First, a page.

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Jon Dron

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Teaching Crowds cover Latest book - Teaching Crowds: Learning & Social Media: buy the book or download for free

  • Jon Dron bookmarked Premature optimism February 28, 2019 - 3:35pm
    Despite careful future-proofing and a structure that was deliberately built to evolve over time so that it would remain current, my elderly Social Computing course has pretty much reached the end of its useful life, so I have started to revise and...
  • Jon Dron published a blog post A blast from my past: Google reimplements CoFIND February 26, 2019 - 6:07pm
    A blast from my past: Google reimplements CoFIND
    While searching for a movie using Google Search last night I got (for the first time that I can recall) the option to tag the result, as described in this article. I was both very pleased and a bit disconcerted to discover that the tool they...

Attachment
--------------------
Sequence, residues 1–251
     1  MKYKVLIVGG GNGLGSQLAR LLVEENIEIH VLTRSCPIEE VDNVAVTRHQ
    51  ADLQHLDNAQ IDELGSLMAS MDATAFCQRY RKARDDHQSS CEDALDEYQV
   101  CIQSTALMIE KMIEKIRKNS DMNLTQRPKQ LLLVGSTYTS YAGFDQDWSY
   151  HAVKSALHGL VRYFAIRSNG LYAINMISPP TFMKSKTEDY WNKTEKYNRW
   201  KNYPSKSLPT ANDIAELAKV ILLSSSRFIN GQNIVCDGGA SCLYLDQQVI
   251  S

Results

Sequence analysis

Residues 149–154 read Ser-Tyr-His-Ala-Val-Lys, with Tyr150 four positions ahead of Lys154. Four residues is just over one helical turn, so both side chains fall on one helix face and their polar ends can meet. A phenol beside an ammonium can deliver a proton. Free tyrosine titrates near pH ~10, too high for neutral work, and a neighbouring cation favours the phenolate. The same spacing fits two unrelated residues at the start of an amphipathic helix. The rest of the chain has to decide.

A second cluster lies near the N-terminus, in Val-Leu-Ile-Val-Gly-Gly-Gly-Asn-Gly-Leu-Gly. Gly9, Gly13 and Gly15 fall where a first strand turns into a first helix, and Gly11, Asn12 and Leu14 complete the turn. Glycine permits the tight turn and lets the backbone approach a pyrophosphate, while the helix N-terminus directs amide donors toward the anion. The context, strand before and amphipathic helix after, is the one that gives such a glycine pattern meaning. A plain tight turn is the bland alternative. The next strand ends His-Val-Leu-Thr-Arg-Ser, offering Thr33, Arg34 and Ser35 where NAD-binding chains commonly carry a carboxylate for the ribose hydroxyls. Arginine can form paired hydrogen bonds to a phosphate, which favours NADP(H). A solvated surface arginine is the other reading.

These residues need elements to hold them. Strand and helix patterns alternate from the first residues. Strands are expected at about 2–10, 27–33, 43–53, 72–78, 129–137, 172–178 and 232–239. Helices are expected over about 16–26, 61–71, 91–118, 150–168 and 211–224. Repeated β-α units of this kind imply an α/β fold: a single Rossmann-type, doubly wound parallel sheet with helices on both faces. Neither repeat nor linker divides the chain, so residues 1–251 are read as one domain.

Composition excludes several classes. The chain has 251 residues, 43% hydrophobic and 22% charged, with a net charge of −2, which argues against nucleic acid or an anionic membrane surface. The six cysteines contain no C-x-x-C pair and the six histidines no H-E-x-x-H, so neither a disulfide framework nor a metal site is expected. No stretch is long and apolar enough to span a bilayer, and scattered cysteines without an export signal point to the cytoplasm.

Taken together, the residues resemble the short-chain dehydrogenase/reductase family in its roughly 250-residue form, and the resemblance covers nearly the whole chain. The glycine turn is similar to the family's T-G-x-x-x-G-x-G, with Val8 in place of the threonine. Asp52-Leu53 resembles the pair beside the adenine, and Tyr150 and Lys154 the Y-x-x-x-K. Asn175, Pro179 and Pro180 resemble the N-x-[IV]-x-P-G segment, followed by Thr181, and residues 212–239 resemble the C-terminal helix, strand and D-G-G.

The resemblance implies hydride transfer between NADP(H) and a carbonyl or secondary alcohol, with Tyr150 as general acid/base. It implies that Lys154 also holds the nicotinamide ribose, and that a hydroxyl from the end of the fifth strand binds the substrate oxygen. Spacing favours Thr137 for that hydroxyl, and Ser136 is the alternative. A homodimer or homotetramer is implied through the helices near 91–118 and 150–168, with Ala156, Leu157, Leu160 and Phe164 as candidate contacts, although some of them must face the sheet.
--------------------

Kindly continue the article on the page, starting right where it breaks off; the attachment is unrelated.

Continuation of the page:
• Jon Dron bookmarked A Universal Moral Code? February 14, 2019 - 11:41am
    It appears that there may be a universal moral code, at least across 60 very different cultures, at least according to this large metastudy of anthropological literature. The authors focus explicitly and exclusively on manifestations of cooperative...
  • Jon Dron uploaded the file 57 varieties February 14, 2019 - 10:26am
    Public domain image, downloaded from Flickr Commons at
  • Jon Dron posted to the wire February 12, 2019 - 3:17pm
    February 2019: Sorry for the downtime Tuesday, 12th February. It was caused by a fix gone wrong. Should be OK now.
  • I'll surely let you know, thanks Jennifer! Yes, the branching and pulling approach you suggest is pretty much exactly the cooperative pattern I have in mind, though collaborative group projects as such are mostly out of reach, thanks to...
  • Thank you Jennifer! One of my tasks between now and the start of my sabbatical in July is to revise COMP266 so I really appreciate the comments. The new version will take the student control aspect even further (for instance more flexibility in...
  • Some rambling reflections on being a Chair of a school